Quote:
Originally Posted by BrianShaw View Post

PS. Nutmeg for sure and a bit of cinnamon too. Squeeze of lemon never hurts either

What is this snow of which you speak?

Had some snow recently, and my driveway was deeply under a couple feet of snow, and my friendly neighbor pulls his tractor over and plows it away, after watching me try to do it all with a shovel. Saved my back, I can tell you.  Just a way of 'thank you', I made him an apple pie.  Not bad reward, I'd say.  :)  

 

For the nutmeg, I really don't know why my mother is opposed to it, but she's a definite no nutmeg gal.  My daughter swears by it, and I'm introducing it into my future experiments (like I did with the neighbor's pie....actually made two for two separate neighbors, and than the one shown above for a dinner).  Practice makes perfect, eh Brian?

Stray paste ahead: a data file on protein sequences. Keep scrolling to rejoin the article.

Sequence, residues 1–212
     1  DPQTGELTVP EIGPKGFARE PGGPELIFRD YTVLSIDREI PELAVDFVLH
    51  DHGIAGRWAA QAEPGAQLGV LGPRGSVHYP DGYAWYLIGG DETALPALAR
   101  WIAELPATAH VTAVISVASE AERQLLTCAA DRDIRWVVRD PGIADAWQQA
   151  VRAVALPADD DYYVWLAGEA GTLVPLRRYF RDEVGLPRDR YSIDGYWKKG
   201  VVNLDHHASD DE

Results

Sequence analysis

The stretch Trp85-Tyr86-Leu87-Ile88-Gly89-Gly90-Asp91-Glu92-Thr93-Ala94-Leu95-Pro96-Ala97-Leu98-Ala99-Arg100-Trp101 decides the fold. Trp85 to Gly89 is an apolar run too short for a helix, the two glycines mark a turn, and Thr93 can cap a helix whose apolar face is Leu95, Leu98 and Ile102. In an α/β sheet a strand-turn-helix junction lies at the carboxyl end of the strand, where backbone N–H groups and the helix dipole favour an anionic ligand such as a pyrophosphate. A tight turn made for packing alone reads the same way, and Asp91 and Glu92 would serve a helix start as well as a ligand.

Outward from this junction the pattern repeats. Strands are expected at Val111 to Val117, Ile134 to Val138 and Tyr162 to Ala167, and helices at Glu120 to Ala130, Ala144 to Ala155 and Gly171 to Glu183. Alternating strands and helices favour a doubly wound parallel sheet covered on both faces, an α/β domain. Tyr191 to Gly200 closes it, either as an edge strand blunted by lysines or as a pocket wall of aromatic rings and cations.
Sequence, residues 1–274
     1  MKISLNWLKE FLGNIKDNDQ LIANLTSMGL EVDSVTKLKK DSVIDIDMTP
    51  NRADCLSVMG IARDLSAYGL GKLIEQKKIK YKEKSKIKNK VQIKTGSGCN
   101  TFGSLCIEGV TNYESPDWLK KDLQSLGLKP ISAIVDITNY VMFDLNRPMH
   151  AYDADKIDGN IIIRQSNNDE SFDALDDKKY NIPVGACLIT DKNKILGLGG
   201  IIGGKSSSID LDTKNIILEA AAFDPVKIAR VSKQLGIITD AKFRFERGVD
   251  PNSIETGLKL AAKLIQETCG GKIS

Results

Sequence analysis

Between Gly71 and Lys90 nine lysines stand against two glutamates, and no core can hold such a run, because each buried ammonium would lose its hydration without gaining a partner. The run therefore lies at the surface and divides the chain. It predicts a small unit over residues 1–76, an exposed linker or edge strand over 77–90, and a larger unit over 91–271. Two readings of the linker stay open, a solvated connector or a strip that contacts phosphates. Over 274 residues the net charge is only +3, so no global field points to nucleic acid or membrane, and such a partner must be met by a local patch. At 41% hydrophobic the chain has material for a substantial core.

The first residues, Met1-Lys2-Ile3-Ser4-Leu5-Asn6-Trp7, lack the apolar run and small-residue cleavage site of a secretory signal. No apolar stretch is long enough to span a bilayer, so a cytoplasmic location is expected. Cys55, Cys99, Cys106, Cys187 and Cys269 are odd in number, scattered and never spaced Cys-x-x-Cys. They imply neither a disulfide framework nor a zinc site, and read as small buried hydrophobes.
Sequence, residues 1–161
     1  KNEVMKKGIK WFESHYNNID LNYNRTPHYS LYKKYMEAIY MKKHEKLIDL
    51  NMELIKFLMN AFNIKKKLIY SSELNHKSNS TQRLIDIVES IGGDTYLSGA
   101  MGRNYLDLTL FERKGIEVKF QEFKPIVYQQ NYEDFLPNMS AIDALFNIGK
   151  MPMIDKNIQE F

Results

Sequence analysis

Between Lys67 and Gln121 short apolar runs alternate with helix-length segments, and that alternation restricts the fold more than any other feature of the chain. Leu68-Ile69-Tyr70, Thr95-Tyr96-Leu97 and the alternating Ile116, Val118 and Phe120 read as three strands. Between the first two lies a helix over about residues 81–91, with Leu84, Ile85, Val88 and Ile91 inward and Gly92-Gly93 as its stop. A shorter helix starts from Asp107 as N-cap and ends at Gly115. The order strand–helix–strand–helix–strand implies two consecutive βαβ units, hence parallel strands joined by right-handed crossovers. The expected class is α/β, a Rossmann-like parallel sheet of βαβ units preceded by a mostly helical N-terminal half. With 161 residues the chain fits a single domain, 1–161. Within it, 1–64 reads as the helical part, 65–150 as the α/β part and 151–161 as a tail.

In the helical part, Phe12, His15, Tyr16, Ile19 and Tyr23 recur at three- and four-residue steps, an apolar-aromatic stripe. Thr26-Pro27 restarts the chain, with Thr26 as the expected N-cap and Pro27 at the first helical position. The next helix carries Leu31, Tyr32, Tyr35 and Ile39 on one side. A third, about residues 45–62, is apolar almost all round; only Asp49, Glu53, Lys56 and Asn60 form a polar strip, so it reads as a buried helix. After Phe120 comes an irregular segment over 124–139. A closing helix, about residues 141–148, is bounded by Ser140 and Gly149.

post #14 of 16
Thread Starter 

Mimi, do you think the egg wash adds flavor?  Like carmelizing adds flavor?

post #15 of 16
Thread Starter 
Quote:
Originally Posted by flipflopgirl View Post

I often mix the fats in my pastry dough.
Before Crisco changed their formula I used it quite often.
Switched to lard (cannot remember what the brand is but it comes in a green and white box)
Still use the Crisco for my fried chicken....
Which I have not made in ages as we seldom fry anything.
Thanks for reminding me.....gotta go buy a chicken now smile.gif

mimi

lol.  

What don't you like about the 'new' Crisco?  

I love making fried chicken, but boy is THAT time consuming to do it right.  Still.....delicious.  :)  

post #16 of 16
They screwd with the trans fats.
Made it too soft for my needs.
It's not like I was gonna eat it out of the can .
I see "They" are reorgainizing the food pyramid again.
Wish the government would stay out of my mouth.

mimi